A vulnerability exists in an ActiveX control supplied with Microsoft Outlook 2002 that could allow malicious code on a web page or in an HTML email message to manipulate Outlook data or execute arbitrary code as the user running Outlook.
Microsoft Outlook 2002 installs an ActiveX control called 'Microsoft Outlook View Control'. Microsoft Outlook (and the Outlook View Control) may be installed as part of Microsoft Office. In addition, the Outlook View Control is independently available for download from Microsoft. Outlook Express is also vulnerable if the Outlook View Control is present on the system.
The Outlook View Control provides access to Outlook data such as email, contacts, and calendar information. The control should provide read-only access to Outlook data, but in reality it exposes programming elements that allow the manipulation of Outlook data and, more importantly, the execution of arbitrary code with the privileges of the user running Outlook. To exploit this vulnerability, an attacker might convince a user to visit a web page or open an HTML email message containing malicious script code that invokes the control. The control is implemented in Outlook 2002 in the file OUTLCTL.DLL and independently in OUTLCTLX.DLL and is referenced by its class identifier (CLSID): 0006F063-0000-0000-C000-000000000046.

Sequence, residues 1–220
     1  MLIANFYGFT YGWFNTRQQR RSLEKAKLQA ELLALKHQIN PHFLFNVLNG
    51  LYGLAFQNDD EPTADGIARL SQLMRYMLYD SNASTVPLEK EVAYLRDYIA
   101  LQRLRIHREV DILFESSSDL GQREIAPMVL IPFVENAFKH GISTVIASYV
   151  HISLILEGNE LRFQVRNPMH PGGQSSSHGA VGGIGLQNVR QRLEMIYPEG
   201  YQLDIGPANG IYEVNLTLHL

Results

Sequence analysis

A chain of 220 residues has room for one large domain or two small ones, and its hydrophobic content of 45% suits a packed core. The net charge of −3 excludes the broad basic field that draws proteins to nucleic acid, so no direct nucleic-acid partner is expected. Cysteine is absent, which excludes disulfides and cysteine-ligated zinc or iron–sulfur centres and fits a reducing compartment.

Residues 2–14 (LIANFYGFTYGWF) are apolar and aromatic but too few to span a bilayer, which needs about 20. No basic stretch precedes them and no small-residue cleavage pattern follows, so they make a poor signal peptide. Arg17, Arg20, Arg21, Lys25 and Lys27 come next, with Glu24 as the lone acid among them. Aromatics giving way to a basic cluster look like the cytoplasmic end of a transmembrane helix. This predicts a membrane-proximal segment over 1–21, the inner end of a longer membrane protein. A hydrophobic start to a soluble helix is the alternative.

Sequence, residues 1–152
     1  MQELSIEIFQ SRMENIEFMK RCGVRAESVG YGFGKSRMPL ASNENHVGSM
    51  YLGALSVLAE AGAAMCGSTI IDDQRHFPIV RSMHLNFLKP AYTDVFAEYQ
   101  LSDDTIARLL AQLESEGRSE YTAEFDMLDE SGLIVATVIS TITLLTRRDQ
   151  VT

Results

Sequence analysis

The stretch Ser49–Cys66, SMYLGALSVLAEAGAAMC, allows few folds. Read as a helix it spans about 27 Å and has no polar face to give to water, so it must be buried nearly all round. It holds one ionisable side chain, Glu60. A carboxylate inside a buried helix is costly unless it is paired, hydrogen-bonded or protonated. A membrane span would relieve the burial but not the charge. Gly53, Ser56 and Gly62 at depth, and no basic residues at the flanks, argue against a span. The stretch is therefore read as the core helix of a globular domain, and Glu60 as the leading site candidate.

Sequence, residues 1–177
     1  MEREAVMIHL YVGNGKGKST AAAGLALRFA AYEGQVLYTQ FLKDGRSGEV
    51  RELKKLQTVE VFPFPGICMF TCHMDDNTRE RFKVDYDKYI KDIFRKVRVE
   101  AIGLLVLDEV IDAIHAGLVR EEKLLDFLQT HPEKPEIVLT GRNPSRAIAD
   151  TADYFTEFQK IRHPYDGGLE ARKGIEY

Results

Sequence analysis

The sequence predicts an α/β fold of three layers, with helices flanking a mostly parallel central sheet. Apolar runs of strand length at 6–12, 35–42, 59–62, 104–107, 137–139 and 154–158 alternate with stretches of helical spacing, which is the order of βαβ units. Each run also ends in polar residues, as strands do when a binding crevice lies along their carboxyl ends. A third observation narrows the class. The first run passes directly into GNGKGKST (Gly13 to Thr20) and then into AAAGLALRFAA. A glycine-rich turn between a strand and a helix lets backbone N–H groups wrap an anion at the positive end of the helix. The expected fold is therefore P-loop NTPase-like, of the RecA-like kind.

In Outlook 2002, arbitrary code can be executed with the privileges of the user running Outlook. Also, email, calendar, and contact information accessible via Outlook can be read, modified, and/or deleted. In previous versions of Outlook, a user's folder view may be manipulated. According to Microsoft Security Bulletin MS01-038: "In an Outlook 2002 client, this [vulnerability] could enable an attacker to delete mail, change calendar information, or take virtually any other action, including running arbitrary code on the user's machine. In contrast, in Outlook 98 and 2000 the attacker could use the control to manipulate the user's folder view, but could not use it to read, change or delete data, or to run code on the user's machine."
To further protect against malicious code contained in email, install the Outlook Security Update and the Java Permissions Security update.
The CERT Coordination Center thanks Georgi Guninski, Russ Cooper of TrueSecure/NTBugTraq, and Microsoft Product Security for information used in this document.
|Date First Published:||2001-08-02|
|Date Last Updated:||2003-06-17 17:58 UTC|